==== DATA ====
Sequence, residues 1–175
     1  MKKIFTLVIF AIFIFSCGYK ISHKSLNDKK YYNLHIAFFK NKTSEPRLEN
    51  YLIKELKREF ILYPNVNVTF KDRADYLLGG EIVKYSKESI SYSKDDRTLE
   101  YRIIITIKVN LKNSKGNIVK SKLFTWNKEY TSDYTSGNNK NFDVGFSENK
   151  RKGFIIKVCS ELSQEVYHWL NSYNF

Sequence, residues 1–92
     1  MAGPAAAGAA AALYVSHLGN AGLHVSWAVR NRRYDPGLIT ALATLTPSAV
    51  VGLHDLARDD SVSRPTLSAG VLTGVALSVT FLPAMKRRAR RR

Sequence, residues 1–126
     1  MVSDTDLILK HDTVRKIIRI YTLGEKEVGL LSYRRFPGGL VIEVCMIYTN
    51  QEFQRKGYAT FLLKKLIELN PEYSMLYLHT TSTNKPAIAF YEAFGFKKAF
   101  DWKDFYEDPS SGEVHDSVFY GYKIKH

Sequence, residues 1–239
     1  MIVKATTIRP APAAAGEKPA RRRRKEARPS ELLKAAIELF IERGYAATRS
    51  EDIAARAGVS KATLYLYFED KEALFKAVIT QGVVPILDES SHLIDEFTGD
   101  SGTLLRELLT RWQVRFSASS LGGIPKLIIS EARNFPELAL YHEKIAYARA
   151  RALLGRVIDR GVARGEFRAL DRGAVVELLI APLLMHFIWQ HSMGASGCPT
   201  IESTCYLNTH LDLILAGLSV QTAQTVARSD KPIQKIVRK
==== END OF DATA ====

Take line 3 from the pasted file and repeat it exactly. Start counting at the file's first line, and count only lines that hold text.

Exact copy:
    51  YLIKELKREF ILYPNVNVTF KDRADYLLGG EIVKYSKESI SYSKDDRTLE